Out of their shell: If Clemson falls, Terrapins will rise Memorial Stadium inspires Maryland to play its best

John Eisenberg

September 15, 1990|By John Eisenberg

Let's recognize this day for what it is: a chance for Maryland's football team to parlay its surprising September success into a major step forward. There won't be many better opportunities.

The Terps already have made notable progress in winning their first two games, although even the players recognize the movement as part illusion. Still, when you haven't had a winning season in five years, you gladly bank anything other than another loss. And now, as a result, they have a chance to cause a real stir. The issue is whether they are up to the challenge.

Certainly, the circumstances are favorable. The Terps are feeling as good about themselves as they have at any time in the past few years. They're catching Clemson today in a moment of transition, more vulnerable than usual. They're playing at Memorial Stadium, where big crowds and a lively atmosphere have prompted some of their best performances.

This is the moment for which the players and coach Joe Krivak have waited. It isn't a make-or-break game; even if they lose, the Terps still are ahead of 1990 projections. (Beating West Virginia on the road took care of that.) But if they win, they can start talking about rankings, bowls and, well, just having a good name for the first time in a while.

"For us to have a great season, this is the game right here," senior linebacker Scott Whittier said.

As recently as two weeks ago, before the Terps beat Virginia Tech and West Virginia, it seemed ludicrous to suggest they could beat Clemson. It may still seem ludicrous by late this afternoon. Clemson, even below top form, is a sprinter-speed handful. And, not to spoil the fun, the Terps haven't exactly beaten two Notre Dames.

"We've beaten two average teams," Whittier said. "West Virginia was ranked, but the truth is they aren't as good as they've been. And we won both games with big plays at the end. Without those, we'd be 0-1-1."

But they got the big plays, long pass plays from Scott Zolak to Gene Thomas, and on such moments can seasons turn. The Terps were unsure of themselves before playing Virgina Tech, but they're starting to believe. "Morale is up," Whittier said. "The campus is excited. People are talking about a big season. It gets you going."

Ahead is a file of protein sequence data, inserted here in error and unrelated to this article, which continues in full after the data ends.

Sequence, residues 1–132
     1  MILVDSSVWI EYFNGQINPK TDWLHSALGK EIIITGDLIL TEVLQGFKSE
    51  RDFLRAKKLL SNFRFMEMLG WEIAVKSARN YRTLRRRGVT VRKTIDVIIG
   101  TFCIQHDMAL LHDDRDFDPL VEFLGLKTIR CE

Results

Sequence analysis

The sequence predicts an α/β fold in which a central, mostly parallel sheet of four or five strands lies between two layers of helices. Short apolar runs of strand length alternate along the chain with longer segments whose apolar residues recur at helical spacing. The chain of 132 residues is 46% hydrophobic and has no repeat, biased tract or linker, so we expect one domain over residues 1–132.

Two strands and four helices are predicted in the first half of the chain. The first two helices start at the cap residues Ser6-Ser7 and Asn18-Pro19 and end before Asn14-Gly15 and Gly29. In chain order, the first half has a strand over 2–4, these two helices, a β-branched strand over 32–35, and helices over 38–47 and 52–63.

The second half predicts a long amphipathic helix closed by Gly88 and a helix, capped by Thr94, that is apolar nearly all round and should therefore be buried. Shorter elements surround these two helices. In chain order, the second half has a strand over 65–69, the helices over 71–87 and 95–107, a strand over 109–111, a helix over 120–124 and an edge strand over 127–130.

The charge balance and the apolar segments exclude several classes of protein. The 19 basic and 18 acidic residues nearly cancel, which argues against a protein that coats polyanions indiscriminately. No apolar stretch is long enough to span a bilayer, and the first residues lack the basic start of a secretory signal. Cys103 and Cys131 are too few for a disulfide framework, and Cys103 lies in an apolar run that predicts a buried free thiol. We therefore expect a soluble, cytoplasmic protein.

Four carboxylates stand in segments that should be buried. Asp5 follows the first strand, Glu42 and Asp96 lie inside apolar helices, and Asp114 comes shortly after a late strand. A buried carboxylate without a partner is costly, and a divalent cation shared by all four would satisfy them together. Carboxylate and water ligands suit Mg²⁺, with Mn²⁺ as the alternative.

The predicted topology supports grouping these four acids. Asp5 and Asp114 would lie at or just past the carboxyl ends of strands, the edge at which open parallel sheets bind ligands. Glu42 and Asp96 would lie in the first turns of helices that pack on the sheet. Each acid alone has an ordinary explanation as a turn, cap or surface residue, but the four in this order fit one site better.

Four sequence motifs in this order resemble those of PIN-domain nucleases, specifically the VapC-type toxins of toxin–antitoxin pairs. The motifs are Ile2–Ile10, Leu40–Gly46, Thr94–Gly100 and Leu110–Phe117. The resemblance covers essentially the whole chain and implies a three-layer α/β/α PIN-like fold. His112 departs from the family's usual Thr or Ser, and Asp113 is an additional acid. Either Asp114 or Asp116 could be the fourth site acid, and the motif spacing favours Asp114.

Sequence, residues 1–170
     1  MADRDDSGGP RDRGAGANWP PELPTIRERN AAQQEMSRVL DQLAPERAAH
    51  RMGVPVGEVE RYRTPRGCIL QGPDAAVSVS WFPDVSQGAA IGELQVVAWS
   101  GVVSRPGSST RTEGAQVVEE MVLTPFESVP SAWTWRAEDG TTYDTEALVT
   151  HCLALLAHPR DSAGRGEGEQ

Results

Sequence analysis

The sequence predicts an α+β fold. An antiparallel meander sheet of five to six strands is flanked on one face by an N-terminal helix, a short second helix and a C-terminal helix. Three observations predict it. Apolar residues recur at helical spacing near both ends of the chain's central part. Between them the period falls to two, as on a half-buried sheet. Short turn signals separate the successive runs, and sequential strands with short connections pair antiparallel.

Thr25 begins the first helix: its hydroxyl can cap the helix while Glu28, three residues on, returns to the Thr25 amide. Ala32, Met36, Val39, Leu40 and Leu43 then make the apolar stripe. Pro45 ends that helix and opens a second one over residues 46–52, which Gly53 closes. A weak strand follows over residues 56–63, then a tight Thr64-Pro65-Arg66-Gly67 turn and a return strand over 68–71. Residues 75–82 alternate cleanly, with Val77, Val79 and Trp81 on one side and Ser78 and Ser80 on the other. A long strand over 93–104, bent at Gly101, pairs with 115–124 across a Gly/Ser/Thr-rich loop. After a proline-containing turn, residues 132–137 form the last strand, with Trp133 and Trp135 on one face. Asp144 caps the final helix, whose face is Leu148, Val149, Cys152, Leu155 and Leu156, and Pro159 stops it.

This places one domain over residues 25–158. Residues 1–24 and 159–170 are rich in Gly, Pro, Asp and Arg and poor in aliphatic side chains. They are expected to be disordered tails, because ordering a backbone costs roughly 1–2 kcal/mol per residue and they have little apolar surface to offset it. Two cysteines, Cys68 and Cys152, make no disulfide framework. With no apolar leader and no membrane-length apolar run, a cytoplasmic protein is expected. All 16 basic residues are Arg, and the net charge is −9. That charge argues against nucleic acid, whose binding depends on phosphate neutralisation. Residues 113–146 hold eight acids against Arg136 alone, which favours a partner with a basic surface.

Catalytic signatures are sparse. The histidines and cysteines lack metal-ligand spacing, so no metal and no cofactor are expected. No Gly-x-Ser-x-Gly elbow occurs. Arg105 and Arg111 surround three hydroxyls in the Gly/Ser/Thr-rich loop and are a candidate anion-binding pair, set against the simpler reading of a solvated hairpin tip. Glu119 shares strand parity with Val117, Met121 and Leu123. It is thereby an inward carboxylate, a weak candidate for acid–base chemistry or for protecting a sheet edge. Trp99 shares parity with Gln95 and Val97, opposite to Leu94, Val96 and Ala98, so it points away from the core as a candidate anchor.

That kind of emotional momentum, in this emotional sport, can make a team better, push it ahead of where it belongs. And the Terps do appear to have a solid defense and competent offense on which to rely. Things could be a lot worse.

Of course, if there weren't questions about Clemson, even an uplifted Maryland would be in trouble. The Tigers are strong every year, and although they did lose to Virginia last week, they still resemble their usual selves, with a terrific defense and talented, if young, nucleus on offense. They're a bowl team. They're better than Maryland.

Yet there are reasons to suspect they're vulnerable. The team almost mutinied when coach Danny Ford was forced to resign after last season, and although his replacement, Ken Hatfield, is a successful coach, there has been fallout from Ford's departure. One assistant coach told Sports Illustrated, "It's been a slow transition."

It showed in the 20-7 loss to Virginia. "From the game film, it looks like they beat themselves," Whittier said. "They have a strong offensive front, but their quarterback, running backs and wide receivers are inexperienced. They made mistakes [against Virginia]. They ran into each other in the backfield, and I've never seen a Clemson team do that."

It didn't help that they were playing on the road, before a jacked-up Virginia crowd thrilled at this new idea of cheering for a winning team. The Terps are hoping for a similar advantage today, although the game is not a sellout. They have twice played Penn State tough at Memorial Stadium, almost beaten Miami, tied a 15th-ranked Clemson.

"We play over our heads there," Whittier said. "Sometimes at College Park we don't get the kind of support that big-time teams get. In Baltimore, you look up to the top of the stadium and all you see are people. Sixty-five thousand people. We love it."

The pieces do fit together. The stadium. The timing. The question is whether the Terps are up to this challenge, whether this 2-0 start is meaningful or just fun. Remember, this was a team picked in preseason to go nowhere, a team without great speed or much blue-chip talent. Clemson has smoked them the past few years. Today should be different, a better game -- but how much better?

"We have them in the best situation we could possibly have them," Whittier said, "but we're still going to have to play a flawless game to win."

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